I could see that if I was still drinking or if I’d gone back after I’d just changed my drinking habits, how easily I could have gone back into my old routines of drinking so much Guinness and not really caring about anything else.

That was worrying but it also highlighted a lot of what I have been talking about and it confirmed what I have been learning about habits. The habit doesn’t actual disappear and the behaviour doesn’t disappear, it is more about the alcohol.

It’s more than just one isolated thing, it’s a lot of things that come together and form a bedrock of the behaviour itself and form this kind of step by step ritualistic process that we all go through, that makes up the behaviour and that behaviour then forms the habit.

As I said earlier on one of the most despondent things about it was that my old drinking buddies, hadn’t changed themselves. They were exactly the same. I was almost as though they were stuck on an endless loop like a broken record, repeating the same thing over and over again.

When I say there’s no chance of them coming out of it, I don’t know if they wanted to. As I’ve said before about myself, there were many times during my own drinking journey where I didn’t realise I had to change. I didn’t realise there was anything wrong with what I was doing.

I always thought cigarette smoking or a least when I’d got into it for a couple of years and knew I was hooked on it and tried to give up, I knew that it was something that I didn’t want in my life and wanted to stop but I never saw that with alcohol and so maybe my friends didn’t see an alternative to what they were doing.

And that was another thing that I saw back there, that the old routine and the behaviours and parts of me were slipping back into my old habits. My brain wanted to slip back into the old way of looking at things.

Part of me realised that this was a place that made me want to drink in the first place. The environment, people, it’s what you’re used to. It’s your rituals and your actions and your behaviours that all play a massive part in any habit breaking.

If there is nothing else on offer or if you perceive that there’s nothing else on offer, then you are going to do the thing that you’ve always done; the thing that is done by a lot of people around you; the things that are done that people are used to doing; the thing that you’re used to doing.

You are going to revert to that all the time because the comfort zone is a much easier place to be in than trying to change things or to do things differently.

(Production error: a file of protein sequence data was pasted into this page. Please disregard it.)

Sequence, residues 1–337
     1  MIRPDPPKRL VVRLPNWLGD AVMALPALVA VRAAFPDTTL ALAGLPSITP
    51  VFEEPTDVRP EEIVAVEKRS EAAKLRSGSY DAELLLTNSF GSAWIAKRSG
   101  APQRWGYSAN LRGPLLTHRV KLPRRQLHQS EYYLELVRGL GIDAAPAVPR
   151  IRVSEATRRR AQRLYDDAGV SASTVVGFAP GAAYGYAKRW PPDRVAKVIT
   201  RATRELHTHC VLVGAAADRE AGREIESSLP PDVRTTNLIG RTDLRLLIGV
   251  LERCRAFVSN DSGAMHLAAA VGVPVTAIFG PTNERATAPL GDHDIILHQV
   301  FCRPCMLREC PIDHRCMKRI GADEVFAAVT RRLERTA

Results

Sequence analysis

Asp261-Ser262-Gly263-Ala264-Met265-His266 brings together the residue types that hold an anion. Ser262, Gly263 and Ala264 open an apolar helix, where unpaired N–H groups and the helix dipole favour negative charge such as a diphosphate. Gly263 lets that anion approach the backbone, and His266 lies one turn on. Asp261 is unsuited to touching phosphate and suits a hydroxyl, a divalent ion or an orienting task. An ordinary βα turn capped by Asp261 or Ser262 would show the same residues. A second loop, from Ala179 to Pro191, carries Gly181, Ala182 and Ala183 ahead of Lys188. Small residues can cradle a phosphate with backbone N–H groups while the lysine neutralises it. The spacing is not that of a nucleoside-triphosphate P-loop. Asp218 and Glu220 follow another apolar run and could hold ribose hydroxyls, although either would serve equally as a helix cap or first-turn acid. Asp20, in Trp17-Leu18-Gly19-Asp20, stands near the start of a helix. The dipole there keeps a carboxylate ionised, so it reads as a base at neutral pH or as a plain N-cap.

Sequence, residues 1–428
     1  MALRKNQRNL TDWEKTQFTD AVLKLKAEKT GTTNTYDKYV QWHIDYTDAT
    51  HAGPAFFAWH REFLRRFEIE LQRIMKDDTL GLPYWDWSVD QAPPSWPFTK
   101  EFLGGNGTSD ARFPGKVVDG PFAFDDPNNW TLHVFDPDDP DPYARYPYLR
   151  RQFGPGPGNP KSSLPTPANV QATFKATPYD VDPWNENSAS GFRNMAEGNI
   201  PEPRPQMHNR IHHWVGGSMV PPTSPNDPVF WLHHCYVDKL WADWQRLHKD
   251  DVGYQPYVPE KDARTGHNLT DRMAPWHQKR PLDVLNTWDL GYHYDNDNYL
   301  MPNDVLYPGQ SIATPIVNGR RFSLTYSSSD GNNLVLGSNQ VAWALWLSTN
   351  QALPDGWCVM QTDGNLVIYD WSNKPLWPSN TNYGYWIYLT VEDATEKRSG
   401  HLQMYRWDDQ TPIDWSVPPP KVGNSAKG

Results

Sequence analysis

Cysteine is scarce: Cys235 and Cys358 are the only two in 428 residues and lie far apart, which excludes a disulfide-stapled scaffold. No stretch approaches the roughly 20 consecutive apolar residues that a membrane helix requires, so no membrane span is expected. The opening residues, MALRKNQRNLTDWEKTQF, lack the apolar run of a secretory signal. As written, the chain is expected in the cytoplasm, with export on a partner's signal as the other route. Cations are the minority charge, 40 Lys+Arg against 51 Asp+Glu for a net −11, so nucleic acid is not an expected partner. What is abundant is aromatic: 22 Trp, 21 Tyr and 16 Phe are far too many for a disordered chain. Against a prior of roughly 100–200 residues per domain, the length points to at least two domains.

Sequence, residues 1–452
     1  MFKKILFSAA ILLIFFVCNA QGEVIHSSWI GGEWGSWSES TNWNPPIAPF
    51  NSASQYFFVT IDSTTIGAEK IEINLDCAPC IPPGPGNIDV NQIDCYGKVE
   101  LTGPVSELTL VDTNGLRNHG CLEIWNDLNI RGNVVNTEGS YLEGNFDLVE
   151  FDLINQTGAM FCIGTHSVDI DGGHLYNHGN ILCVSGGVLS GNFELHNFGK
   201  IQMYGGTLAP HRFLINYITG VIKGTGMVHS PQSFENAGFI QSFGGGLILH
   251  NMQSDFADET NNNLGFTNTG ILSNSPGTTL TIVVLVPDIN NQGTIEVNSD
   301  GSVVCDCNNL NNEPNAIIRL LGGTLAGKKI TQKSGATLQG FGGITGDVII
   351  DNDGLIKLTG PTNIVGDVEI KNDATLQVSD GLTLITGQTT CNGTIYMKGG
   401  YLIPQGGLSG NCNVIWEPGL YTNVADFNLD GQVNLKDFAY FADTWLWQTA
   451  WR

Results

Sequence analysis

Ireland wasn’t the only thing that made me drink but in order to change things in life you’ve got to change things by looking at things from a wider perspective. Look at how many different influences there are on your life, on your habit, on your behaviour and try and isolate the things that are influencing that behaviour, that habit and you’ve got to change those bit by bit and gradually.

You’ve got to build a new life. So, part two of the first one, how do you know what to change?

At first it is difficult to tell, you have to go through the whole process and push yourself into day one, day two, week one, week three and so on and so forth and then gradually these things will pop up, the things that you need to change will make themselves known to you because you will see the difficulty in pushing through certain areas of your life.

You will see the difficulty of being with certain people and being in certain environments. You will find different thoughts popping up in your head that you’ve got to deal with and all of these things take time.

At the beginning, you don’t know what to deal with because you are so used to doing things with alcohol, you are so used to the habit that it is difficult for you to see outside of that habit. It’s almost as if you were brought up in a Country which you’d never been out of and you had never seen anything from outside of that Country. I would be difficult for you to imagine what it is like to be in another Country, even if you’ve seen pictures of this other Country and you’ve seen pictures of the world outside your own Country, it would be difficult to know what it is like to actually be there.

You can have romantic notions about what it might be like or a certain fear of what it is like and might be like in certain situations but until you actually go there and experience it first hand you are not going to have that knowledge. Even if other people tell you about it, it’s from their experience not yours.

And it is the same thing here. A lot of people can tell you this is what it is like to stop drinking and this is what you will go through in day one or day two physically or mentally. This is what you are going to have to change in your environment and this is what you’re going to have to do there but none of this counts or can substitute for your own experience.